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A 'Judge Smash' in Sentencing Dispute With Prosecutors

It's not unusual for judges and prosecutors to fail to see eye-to-eye on criminal sentencing issues. But it might just be a first for a federal judge to send an email comparing herself to a comic book character known for morphing into a large, green, superhuman "Hulk," and warn lawyers in the U.S. Attorney's Office, "You won't like me when I'm angry." The email has, not surprisingly, garnered some interest -- as has the resignation of the prosecutor who received it.

The Des Moines Register (via the Sentencing Law and Policy blog and ABA Journal) has the story of the clash between U.S. District Judge Stephanie Rose and prosecutors in the Southern District of Iowa U.S. Attorney's Office over sentencing in several criminal cases. Rose, who was confirmed as a federal judge last September in a U.S. Senate vote of 89-1, is the country's youngest federal judge at 40 years old. She had been a longtime federal prosecutor and served as the U.S. Attorney for the Northern District of Iowa before her appointment to the bench.

The Des Moines Register reviewed recently unsealed emails sent between Rose and federal prosecutors concerning the case of a convicted drug dealer named Bryan Holm. In that case, the Register reports, "Rose ordered prosecutors to provide evidence that could extend Holm's prison sentence on a weapons charge. When they refused, citing a plea agreement they had signed, Rose called a police officer to the stand, questioned the officer herself and imposed a sentence that was two to three years longer than what prosecutors had contemplated."

Several hours after the sentencing hearing, Rose sent an email to Shannon Olson, the appellate chief at the U.S. Attorney's Office. The message, which had the subject line "Hulk," read: "You know how Bruce Banner says 'You won't like me when I'm angry?' There's a lesson in there for all attorneys. Enjoy that transcript."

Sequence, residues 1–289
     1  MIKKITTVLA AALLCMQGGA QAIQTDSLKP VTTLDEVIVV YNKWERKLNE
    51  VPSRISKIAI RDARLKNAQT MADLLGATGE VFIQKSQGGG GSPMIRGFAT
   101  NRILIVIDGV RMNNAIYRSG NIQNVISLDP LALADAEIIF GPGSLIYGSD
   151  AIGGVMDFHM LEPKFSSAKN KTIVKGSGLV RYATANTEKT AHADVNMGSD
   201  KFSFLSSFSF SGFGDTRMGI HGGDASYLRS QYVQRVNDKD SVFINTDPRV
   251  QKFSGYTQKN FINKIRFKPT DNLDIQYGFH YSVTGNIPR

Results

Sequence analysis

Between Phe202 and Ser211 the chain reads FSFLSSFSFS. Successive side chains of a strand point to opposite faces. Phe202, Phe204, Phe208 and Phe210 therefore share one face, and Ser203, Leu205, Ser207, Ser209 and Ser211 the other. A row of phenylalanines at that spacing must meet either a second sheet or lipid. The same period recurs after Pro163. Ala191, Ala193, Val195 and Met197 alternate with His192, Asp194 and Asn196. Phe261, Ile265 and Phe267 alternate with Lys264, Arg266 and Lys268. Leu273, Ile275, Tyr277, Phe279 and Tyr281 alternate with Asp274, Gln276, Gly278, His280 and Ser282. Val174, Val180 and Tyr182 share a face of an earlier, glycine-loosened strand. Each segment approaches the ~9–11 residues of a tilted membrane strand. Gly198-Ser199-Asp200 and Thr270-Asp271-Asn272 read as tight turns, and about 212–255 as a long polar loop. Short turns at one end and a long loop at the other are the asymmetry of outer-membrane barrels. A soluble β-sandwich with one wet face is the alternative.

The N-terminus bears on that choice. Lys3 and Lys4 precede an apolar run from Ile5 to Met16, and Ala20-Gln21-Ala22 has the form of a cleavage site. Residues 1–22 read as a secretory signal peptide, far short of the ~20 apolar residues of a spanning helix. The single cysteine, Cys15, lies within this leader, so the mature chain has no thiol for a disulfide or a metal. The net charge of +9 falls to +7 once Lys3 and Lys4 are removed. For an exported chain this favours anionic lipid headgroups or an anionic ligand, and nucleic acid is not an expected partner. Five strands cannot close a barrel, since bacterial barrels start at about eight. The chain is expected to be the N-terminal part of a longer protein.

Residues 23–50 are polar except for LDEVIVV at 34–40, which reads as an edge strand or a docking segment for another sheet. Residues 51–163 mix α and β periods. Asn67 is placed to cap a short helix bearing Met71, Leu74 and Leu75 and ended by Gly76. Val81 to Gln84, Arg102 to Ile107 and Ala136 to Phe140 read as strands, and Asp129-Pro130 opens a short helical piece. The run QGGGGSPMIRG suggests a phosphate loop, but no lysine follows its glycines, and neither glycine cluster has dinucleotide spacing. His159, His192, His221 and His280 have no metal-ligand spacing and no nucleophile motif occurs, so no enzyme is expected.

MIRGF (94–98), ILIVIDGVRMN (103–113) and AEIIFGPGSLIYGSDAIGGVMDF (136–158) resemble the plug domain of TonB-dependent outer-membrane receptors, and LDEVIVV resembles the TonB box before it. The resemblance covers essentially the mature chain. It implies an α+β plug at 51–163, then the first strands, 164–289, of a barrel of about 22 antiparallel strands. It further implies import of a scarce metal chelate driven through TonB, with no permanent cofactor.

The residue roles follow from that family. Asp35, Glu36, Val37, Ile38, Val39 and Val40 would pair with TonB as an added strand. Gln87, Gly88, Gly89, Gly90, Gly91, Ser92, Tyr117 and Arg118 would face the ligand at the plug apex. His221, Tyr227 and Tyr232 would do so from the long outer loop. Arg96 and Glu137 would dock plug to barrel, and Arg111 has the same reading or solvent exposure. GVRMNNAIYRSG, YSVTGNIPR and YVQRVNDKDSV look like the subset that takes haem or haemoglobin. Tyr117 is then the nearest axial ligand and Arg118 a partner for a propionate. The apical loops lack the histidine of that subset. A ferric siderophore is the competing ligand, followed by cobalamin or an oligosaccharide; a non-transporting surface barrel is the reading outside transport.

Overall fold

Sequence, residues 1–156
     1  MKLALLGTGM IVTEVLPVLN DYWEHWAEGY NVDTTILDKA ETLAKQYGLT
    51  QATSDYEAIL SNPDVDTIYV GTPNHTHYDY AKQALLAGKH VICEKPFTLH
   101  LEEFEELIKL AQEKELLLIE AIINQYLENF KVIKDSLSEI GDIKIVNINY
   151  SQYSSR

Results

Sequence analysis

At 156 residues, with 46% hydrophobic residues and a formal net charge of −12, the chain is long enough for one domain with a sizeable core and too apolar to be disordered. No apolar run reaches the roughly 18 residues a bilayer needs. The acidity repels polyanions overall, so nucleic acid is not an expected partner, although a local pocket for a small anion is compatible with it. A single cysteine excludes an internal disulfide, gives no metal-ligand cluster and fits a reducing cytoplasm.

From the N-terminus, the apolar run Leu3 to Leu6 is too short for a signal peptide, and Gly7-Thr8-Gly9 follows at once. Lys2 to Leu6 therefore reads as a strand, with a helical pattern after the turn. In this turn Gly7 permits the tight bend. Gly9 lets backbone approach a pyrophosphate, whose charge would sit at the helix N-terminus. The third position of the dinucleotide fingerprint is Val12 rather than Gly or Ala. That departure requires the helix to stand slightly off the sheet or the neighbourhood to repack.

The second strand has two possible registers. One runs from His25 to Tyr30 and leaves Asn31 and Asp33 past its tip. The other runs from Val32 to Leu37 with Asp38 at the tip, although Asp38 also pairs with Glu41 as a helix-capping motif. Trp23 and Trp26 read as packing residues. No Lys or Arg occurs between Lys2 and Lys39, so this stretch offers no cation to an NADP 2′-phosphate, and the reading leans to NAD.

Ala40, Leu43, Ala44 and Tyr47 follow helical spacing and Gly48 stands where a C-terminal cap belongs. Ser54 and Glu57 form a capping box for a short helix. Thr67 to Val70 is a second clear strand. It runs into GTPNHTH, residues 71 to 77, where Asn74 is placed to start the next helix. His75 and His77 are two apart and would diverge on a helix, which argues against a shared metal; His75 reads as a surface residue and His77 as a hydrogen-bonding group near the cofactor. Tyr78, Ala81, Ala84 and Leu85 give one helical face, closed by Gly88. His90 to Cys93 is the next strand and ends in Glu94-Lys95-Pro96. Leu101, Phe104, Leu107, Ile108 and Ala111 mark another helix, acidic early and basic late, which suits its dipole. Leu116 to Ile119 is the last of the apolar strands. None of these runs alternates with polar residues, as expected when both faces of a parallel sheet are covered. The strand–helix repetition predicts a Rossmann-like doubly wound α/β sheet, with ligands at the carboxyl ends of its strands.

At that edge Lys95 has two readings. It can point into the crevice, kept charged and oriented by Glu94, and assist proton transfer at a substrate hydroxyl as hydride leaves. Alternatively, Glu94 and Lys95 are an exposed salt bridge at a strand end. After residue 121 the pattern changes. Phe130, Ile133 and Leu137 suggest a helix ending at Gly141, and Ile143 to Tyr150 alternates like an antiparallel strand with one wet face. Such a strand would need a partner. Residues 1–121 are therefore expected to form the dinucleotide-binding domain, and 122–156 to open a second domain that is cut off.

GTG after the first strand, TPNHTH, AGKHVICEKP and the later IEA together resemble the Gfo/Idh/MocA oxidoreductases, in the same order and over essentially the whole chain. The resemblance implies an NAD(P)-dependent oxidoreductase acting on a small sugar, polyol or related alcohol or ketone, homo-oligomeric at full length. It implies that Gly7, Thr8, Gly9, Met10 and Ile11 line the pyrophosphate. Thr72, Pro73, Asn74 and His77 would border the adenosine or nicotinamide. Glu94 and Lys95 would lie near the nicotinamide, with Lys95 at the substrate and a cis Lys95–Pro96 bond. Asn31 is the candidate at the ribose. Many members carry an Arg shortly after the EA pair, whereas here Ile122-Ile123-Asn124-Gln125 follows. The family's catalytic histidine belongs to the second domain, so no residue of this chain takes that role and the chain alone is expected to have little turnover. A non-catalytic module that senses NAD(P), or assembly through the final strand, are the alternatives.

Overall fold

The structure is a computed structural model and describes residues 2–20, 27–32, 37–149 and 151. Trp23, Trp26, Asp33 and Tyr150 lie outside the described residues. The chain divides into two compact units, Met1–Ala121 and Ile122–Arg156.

Along with reports on the email, news broke this week of Olson's resignation from the U.S. Attorney's Office. The Des Moines Register reported Thursday that a spokesperson for the U.S. Attorney's Office confirmed that Olson no longer works for the office but declined to discuss the circumstances of her departure.

In court documents related to an appeal of Holm's sentence, Holm's attorney Dean Stowers suggests that the "Hulk" email might have been related to Olson's potential role as a witness in an age discrimination suit brought by a former assistant U.S. attorney, as well as to a clash over sentencing in several cases.

The Des Moines Register writes that Rose has been at odds with the U.S. Attorney's Office in several other criminal cases as well, and that she corresponded by email in January with U.S. Attorney Nicholas Klinefeldt to express her frustration with what she called "global issues" with prosecutors' actions.

“I'm troubled by your office's occasional refusal to provide relevant discovery information to the United States Probation Office," Rose wrote to Klinefeldt. "I'm baffled by similar refusals to provide relevant sentencing information to me." She cited several criminal cases in which she said prosecutors refused to provide evidence that could have increased defendants' sentences.

In the filing regarding Holm's case, Stowers writes that the "Hulk" email "has to be construed as a strong caution to Olson and her prosecutor colleagues to not do something that would make the Court 'angry' because that would cause the Court to react like the 'Hulk'. One can fairly assume the Court was not intending physical assault or destruction of property, but was alluding to the use of the Court's judicial power against those that made the Court 'angry'."

Stowers argues that the email "suggests the Court was acting out of anger in the Holm sentencing and that the anger displayed itself in the Court's actions during the sentencing. It appears Mr. Holm is a victim of crossfire between the Court and the Government."

Posted by Laurel Newby on June 7, 2013 at 04:37 PM | Permalink | Comments (0)

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